Another important object is to provide a handle which eliminates unnecessary stress, fatigue, muscle strain, etc.
Other objects and advantages will become apparent when taken into consideration with the following specifications and drawings.
FIG. 1 is a perspective view of a handle which shows its rotational and vertical movement.
FIG. 2 is a perspective view of the invention while mounted on a typical suitcase.
FIG. 3 is a blown-up, perspective view, which shows assembly of the handle.
FIG. 4 is an enlarged, sectional view taken at 4--4 of FIG. 1.
Referring now in detail to the drawings wherein like characters refer to like elements throughout the various drawings, 10 is an overview of the handle with 12 being substantially a rectangular member having a top gripping surface 14 and a bottom portion 16, 16 being substantially in the form of a circular section lengthwise, and having an elongated slot 18 to accept the threaded shank portion 20 of thumb screw 22. 24 is substantially, a square, tubular, elongated base with mounting holes 26, base 24 also having an elongated slot 28 to accept the threaded shank portion 20 of thumb screw 22, which is adjustably anchored within the tubular base 24 by square nut 30 which slides into the interior 32 of base 24. FIG. 2 shows the handle 10 being mounted on a typical suitcase or briefcase 25.
It will now be seen that the handle 10 is adjustable by loosening the thumb screw 22 which allows the handle to move forward or backward in relation to its base, in its linear plane A-B to balance the load more equally and may be turned or twisted on its X-Y axis and also moved to multiple positions on its partial semi-circle portion 16, as depicted by arrows 34. Thus providing a handle that may be positioned in the most advantageous, ergonomic position to create the least amount of strain on the hand, wrist, elbow and shoulder, in the event of the briefcase being carried or pushed, such as might be the case if the briefcase had casters, (not shown).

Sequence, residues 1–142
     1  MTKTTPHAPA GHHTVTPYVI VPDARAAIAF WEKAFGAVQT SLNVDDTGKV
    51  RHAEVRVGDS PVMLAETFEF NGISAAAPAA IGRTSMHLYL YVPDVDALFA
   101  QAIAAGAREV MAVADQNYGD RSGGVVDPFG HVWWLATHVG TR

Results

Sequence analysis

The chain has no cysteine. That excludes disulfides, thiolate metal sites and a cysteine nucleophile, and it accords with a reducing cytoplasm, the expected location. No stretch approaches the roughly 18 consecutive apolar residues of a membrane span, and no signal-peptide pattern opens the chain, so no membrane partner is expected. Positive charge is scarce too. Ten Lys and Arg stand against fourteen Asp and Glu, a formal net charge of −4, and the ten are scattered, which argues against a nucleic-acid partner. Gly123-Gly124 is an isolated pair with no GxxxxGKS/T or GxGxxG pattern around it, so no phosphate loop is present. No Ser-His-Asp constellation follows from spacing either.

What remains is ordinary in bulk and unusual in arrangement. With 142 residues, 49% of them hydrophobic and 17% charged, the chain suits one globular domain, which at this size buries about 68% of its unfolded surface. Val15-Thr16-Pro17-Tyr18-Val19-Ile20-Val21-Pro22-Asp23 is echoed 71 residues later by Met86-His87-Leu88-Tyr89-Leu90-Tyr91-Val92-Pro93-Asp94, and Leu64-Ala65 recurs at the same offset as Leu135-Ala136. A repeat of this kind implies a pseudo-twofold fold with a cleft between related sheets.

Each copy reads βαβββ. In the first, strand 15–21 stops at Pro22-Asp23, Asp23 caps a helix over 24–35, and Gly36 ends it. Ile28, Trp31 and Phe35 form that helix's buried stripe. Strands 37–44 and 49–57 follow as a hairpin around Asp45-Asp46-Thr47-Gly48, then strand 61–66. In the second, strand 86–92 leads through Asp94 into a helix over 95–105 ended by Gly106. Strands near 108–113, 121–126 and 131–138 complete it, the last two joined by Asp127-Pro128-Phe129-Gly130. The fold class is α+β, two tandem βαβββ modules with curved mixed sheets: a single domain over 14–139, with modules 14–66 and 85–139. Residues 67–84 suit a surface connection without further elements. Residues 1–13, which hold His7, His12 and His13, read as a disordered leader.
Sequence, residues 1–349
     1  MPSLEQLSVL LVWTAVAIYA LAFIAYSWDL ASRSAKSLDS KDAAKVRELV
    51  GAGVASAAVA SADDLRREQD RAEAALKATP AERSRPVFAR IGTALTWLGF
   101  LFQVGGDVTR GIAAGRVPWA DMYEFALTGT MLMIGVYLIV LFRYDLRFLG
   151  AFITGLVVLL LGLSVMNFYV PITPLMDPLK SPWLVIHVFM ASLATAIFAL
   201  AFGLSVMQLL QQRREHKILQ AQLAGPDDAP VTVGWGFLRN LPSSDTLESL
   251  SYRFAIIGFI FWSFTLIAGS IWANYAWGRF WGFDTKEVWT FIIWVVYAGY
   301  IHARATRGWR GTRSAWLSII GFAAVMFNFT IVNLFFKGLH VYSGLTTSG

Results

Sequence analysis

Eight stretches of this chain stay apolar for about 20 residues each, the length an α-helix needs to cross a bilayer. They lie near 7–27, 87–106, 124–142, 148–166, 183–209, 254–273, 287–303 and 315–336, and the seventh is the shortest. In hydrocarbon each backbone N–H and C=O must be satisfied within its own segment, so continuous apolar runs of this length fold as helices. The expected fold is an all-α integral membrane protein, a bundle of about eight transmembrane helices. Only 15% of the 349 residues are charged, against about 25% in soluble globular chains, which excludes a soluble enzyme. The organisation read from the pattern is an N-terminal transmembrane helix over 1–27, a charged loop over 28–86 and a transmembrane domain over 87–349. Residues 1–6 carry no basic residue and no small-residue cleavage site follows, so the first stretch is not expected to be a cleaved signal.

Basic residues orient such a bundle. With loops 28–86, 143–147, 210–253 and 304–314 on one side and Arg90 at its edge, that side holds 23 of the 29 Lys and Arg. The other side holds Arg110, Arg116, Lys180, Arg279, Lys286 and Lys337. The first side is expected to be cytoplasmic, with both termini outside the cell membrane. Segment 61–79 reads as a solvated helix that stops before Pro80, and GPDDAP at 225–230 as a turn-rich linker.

Although the invention has been shown and described in what is conceived to be the most practical and preferred embodiment, it is recognized that departures may be made therefrom within the scope and spirit of the invention, which is not to be limited to the details disclosed herein but is to be accorded the full scope of the claims so as to embrace any and all equivalent devices and apparatus.
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|WO2001052687A1 *||Jan 19, 2001||Jul 26, 2001||Claudio Francesco Bellini||Grip device for a movable wheel mounted object|
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|WO2010088623A1 *||Feb 1, 2010||Aug 5, 2010||Lett Solutions, Llc||Ergonomic anatomical assist system for handled devices|
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|U.S. Classification||16/406, 16/430|
|International Classification||A45C13/26, A47B95/02|
|Cooperative Classification||Y10T16/4559, A47B95/02, Y10T16/476, A45C13/26|
|European Classification||A45C13/26, A47B95/02|
|Jul 8, 1997||REMI||Maintenance fee reminder mailed|
|Aug 25, 1997||SULP||Surcharge for late payment|
|Aug 25, 1997||FPAY||Fee payment|
Year of fee payment: 4
|Feb 28, 2001||FPAY||Fee payment|
Year of fee payment: 8
|Jun 15, 2005||REMI||Maintenance fee reminder mailed|
|Nov 30, 2005||LAPS||Lapse for failure to pay maintenance fees|
|Jan 24, 2006||FP||Expired due to failure to pay maintenance fee|
Effective date: 20051130